If you had two viruses in the same cell, they could recombine and generate a new virus. The fact that we're seeing resistance to first-line
medications is worrisome, said Steven Wolinsky, chief of infectious diseases at Northwestern University.
Not sure how likely the above is but the fact 'they' find it worrisome is surely cause for concern.
They also advise using combination of drugs to fight the flu. Another reason to have a 2 or 3 injections or NOT?
if you had to viruses in the same cell?? hahah, give me a break...if this is so worrisome, why isnt AIDS airborne yet? or Ebola?...hmm and as for
antibiotic resistant strains, STOP USING THE DRUGS, your body is capable of killing off the virus on its own, just may take some more time that with
the help but if we stop using the drugs or use them sparingly then resistance cannot occur!
Yup- pretty scary when an A strain H1N1 mixes with an anti-viral resistant B-strain H1N1 in the general population.
Just wait- resistance will go up exponentially, as docs are telling poeple NOT to go in to be seen or swabbed, and are writing Tamiflu scripts like
we did for ear infections, which became resistant to all beta-lactams and macrolide antibiotics.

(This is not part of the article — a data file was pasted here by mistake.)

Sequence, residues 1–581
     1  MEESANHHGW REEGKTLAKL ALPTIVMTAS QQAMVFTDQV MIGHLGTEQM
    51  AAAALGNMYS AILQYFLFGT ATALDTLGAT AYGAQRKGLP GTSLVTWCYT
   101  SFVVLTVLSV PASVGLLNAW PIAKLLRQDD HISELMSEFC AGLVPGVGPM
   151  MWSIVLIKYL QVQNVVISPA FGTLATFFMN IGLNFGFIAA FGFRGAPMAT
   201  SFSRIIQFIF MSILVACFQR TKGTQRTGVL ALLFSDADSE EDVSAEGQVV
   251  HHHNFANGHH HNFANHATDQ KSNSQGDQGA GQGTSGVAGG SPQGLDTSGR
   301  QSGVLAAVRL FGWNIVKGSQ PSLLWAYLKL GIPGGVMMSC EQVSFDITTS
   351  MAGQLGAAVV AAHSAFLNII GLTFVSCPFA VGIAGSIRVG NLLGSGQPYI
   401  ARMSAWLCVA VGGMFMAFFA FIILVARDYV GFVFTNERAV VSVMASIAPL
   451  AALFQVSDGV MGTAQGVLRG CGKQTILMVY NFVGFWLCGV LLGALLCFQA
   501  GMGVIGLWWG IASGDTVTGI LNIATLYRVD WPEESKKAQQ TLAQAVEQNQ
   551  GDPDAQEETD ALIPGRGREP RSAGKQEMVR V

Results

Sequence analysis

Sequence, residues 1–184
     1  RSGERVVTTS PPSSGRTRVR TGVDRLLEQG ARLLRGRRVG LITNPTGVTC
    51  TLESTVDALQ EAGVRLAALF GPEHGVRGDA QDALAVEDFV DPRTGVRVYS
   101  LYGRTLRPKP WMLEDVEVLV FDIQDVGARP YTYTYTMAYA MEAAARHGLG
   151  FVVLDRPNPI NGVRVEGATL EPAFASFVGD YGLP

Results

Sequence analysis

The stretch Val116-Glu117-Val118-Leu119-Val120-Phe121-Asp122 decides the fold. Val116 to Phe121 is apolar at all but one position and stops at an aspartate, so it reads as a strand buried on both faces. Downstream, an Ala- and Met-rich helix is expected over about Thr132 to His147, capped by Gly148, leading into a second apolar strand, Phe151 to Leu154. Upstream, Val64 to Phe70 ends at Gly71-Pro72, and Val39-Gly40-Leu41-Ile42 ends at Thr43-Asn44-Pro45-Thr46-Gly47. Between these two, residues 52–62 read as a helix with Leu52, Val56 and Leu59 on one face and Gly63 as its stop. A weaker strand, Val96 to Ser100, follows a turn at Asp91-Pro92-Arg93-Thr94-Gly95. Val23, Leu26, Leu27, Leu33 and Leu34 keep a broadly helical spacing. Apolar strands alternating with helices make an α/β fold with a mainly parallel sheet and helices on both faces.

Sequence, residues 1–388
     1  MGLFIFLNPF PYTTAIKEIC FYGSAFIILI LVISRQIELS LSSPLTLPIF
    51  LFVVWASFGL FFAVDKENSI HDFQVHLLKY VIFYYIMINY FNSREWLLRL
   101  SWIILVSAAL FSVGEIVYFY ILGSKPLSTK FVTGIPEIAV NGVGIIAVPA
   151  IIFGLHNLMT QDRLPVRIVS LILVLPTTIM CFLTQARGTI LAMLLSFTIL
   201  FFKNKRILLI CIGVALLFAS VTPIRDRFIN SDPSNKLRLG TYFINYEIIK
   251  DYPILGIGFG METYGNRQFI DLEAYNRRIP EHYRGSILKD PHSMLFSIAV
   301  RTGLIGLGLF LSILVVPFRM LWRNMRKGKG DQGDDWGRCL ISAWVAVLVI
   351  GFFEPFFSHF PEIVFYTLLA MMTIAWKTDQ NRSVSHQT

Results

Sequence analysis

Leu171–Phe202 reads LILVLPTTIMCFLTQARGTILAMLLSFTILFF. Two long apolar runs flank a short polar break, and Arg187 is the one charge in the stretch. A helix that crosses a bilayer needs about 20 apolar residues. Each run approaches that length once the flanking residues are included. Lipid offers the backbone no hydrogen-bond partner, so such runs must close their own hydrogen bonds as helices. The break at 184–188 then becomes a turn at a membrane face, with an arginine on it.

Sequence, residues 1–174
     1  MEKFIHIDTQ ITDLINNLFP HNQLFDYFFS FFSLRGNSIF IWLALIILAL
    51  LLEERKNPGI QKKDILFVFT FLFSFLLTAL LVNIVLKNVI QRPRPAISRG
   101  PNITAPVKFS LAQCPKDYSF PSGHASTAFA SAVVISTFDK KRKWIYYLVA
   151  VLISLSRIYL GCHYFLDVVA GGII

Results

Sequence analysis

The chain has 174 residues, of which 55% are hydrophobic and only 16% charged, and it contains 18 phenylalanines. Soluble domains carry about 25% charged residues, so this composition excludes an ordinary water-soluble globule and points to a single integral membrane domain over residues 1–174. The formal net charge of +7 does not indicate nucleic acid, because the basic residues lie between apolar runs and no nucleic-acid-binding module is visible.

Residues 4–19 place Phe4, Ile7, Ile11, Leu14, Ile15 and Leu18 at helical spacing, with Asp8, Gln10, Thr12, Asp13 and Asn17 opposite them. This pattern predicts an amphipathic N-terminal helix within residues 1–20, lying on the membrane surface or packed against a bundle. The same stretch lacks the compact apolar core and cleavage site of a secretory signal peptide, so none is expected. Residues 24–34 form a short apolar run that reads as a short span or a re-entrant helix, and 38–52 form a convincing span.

I guess people forget that anti-viral resistance is possible, as well.
There is a roughly 15-18% resistance to Tamiflu found within Influenza strains around the world. This is attributed to the fact that this chemical
compound has been in widespread use. Over 50million people have taken it, most in Japan.
However, Relenza is not taken anywhere near as often and there are no known Influenza strains which have a resistance to this antiviral. Yet. This is
attributed to the fact that it is only used in 1% of treatments.
Relenza is being stored as a backup for Tamiflu in case the virus becomes resistant to Tamiflu.
For resources and much more detailed information on Antiviral medications, please read my thread (shameless bump) called "WARNING Antivirals may Kill
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